There are many lessons to be drawn from the global response to the pandemic. Our economic, political, and public health systems will be changed forever. If we want those changes to be a sign and signal of our commitment to human dignity, then we need to empower women to sit at the heads of the tables they’ve been forced to set for centuries.

They should have been sitting there all along.

Finding the Light: My Trauma Journey

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Last December, I came forward about being gang raped in college. While I knew that disclosing my pain would be difficult, I never could have anticipated the darkness I’d face. From receiving threats from male supremacists to discovering people using my rape trauma as a form of sexual entertainment, I’ve been frequently forced to remap my path toward healing.

Yet, I’ve kept searching for the light amidst the storms, regularly documenting my process and progress on social media. I’ve made my process public in the hope that it might help other people who are overcoming sexual violence. More than that, though, it’s a way of holding myself accountable. I have to keep going. I have to get better. My life–the life I truly want to live and the man I want to be–depends on it. 

You can read my collected posts below (click the date to see the actual posts), starting with December 23, 2019, the day I decided to stop being silent and take my power back from the men who colonized my body with their lust for control.

December 23, 2019

Over the last few days, I’ve realized that there are some things about myself and my life that I want to change. There are patterns I’ve fallen into that are the products of the toxicity I’ve experienced and let go unchecked. I want to heal. And, for better or worse, I want my healing process to be public, in part because keeping things hidden and buried is a trait I want to erase.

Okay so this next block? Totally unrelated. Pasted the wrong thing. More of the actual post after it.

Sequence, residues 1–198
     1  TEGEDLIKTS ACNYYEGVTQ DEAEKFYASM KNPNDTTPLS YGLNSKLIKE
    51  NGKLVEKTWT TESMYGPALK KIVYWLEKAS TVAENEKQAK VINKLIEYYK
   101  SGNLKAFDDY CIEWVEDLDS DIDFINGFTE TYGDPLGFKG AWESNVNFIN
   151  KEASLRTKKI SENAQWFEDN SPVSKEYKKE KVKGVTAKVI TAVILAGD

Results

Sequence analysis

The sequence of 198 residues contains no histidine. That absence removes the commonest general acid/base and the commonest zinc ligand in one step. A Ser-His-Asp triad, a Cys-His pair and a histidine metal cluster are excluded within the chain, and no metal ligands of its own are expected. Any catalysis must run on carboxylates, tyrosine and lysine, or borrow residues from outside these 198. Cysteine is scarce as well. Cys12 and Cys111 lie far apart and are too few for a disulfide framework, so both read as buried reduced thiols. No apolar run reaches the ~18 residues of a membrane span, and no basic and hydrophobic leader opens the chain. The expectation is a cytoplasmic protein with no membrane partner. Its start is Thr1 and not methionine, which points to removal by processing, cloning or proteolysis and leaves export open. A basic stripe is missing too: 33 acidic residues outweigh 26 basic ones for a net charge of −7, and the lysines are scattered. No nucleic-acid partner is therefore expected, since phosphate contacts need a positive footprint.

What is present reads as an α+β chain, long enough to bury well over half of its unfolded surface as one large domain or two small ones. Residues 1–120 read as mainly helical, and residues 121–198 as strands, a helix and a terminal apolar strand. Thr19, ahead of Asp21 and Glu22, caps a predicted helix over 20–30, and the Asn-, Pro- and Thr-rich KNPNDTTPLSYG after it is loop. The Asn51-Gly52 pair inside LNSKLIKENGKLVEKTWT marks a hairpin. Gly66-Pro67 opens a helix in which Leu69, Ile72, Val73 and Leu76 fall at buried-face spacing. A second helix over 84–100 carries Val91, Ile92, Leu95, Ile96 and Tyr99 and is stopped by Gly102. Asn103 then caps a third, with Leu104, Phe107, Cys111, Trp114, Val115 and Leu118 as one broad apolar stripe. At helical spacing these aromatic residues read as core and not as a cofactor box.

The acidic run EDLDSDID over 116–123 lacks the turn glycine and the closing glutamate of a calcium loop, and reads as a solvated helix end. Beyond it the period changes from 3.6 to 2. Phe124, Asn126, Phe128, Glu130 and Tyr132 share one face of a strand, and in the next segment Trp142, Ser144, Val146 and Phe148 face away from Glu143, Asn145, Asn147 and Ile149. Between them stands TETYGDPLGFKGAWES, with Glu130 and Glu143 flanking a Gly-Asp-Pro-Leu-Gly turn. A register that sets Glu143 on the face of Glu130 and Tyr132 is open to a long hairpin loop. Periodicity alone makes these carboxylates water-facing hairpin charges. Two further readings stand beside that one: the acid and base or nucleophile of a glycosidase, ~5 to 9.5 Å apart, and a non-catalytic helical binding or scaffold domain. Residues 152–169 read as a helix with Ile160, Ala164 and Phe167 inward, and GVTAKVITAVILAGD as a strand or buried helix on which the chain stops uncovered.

One of the events that’s core to my healing process is this: when I was a student at the University of Hawai’i, I was sexually assaulted by a professor and three graduate students. It happened during a late night study session. I believe that I was drugged because I couldn’t move as it happened, though I could have frozen in fear, my body reeling in shock.

I don’t want to go into all of the details, but I will say that I attempted to report the assault to a UH administrator. I was informed, at the time, that the university wasn’t prepared to take action on my case. When I asked why, I was told, “You’re a political science major. You should understand that some people have more power than others.”

Since then, I’ve struggled with a persistent feeling of powerlessness that’s caused me to sometimes act in a manner that perpetuates, rather than prevents, toxicity. It’s also made me steadfastly committed to sexual violence prevention and obtaining justice for survivors.

I’m not posting this for attention. I’m not posting this for retribution. I forgive the university for what happened. I’m posting this because, after all these years, it’s simply time for me to heal.

January 18, 2020

I’m deeply troubled about something that happened at the Capitol this week, something that isn’t related to legislative affairs. On Thursday, I sent one of our office’s legislative aides to another representative’s office to ask for signatures on two bills.